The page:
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As other Christians may well be aware, the period from the Ascension to Pentecost (lasting 11 days) has become a period where Christians throughout the UK and across the world, pray for the coming of the Holy Spirit. Originally, this movement started as an initiative in 2016 from the Archbishops of Canterbury and York to the Church of England but it has since grown internationally and ecumenically.


The intention throughout these 11 days is that those who take part will deepen their relationship with Christ, pray for God's spirit to work in their lives and those of others, and to accept that every aspect of their lives is the stuff of prayer. The revelation came when during the first two weeks of the sabbatical I was forced to take on what I had been putting off for years: recarpetting the manse. Whilst I was deeply thankful to the Property Team in our Circuit for arranging this, the process of change filled me with dread. A new carpet in one room meant that its contents needed to be housed elsewhere. This meant therefore tidying up, throwing out, making space, and eventually clearing out a garage which had become a dumping ground for everything that 'might come in useful one day'.

Sometimes, the most simple actions have profound effects. Over the next two weeks I prepared for the two days that the carpet fitters needed. During that time I reflected that whilst it is one thing to say yes to a gift, it is another, completely different thing to accommodate it - even if we know the end result will benefit us. As for me, when I announced to the world via Facebook that this great move was happening, one of my friends who runs a cleaning business in Lincolnshire replied, 'Langley and Spring Cleaning were not designed to appear in the same sentence.' He was right. I tend to go with Einstein's famous statement 'Empty desk, empty mind.'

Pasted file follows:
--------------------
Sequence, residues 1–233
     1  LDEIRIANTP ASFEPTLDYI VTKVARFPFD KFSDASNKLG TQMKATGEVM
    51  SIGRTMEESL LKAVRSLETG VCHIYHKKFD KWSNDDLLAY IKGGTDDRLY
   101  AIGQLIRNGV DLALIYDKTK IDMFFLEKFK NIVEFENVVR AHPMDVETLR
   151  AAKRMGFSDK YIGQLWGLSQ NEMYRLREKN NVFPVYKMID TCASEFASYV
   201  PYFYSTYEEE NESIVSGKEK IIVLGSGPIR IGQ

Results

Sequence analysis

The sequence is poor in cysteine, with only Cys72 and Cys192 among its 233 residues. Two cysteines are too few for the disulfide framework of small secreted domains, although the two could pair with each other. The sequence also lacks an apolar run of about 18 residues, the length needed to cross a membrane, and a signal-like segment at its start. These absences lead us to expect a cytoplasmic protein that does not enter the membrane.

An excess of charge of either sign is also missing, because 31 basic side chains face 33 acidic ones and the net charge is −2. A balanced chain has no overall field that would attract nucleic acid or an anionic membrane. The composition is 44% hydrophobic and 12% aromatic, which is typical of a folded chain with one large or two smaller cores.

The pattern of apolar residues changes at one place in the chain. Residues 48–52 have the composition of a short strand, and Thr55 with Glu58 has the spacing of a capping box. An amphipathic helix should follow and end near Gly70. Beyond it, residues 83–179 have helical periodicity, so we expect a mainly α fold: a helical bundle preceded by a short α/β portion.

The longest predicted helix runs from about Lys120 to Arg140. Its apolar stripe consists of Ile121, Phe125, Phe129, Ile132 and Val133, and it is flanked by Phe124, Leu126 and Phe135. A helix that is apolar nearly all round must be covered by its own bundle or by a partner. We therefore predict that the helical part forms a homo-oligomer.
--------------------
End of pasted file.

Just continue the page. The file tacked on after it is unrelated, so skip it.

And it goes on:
Curiously, as I set about this task on my own (what use is a sabbatical to the rest of the family if the minister cannot be left to manage this independently), I began to reflect on how whilst God offers us good things, more often than not we must play our part in seeing them come to fruition. And thus whilst we pray 'Thy Kingdom Come' as part of the Lord's Prayer, we must not neglect the next line, 'Thy Will be Done'. Our prayers for the Kingdom should flow naturally into an openness and a willingness to journey and embrace the discomfort of change, until things become more settled. As I write, I reflect on some of our own experiences within the Peterborough Circuit of Churches where whilst there has been gain, it has not been without its pain. And as I hear echoes of what is happening in Cumbria, where churches sense the call to work together, I discern a humble honesty that whilst some things may be a challenge, they are worthwhile. And put simply, God has more to offer us than our current experience of church, but we need to embrace change positively. Thus, whilst I am enthused about 'Thy Kingdom Come', I am also more interested at how serious we are about embracing the spiritual, emotional, physical, and financial costs of seeing this through. Wherever the Lord is leading our Church across the country, we can be certain that whilst there will be times of joy, and resurrection life, we need to guard against choosing resuscitation over resurrection. Recusitation has its place of course, but only if it brings us back to full-health. Resurrection is something different. 

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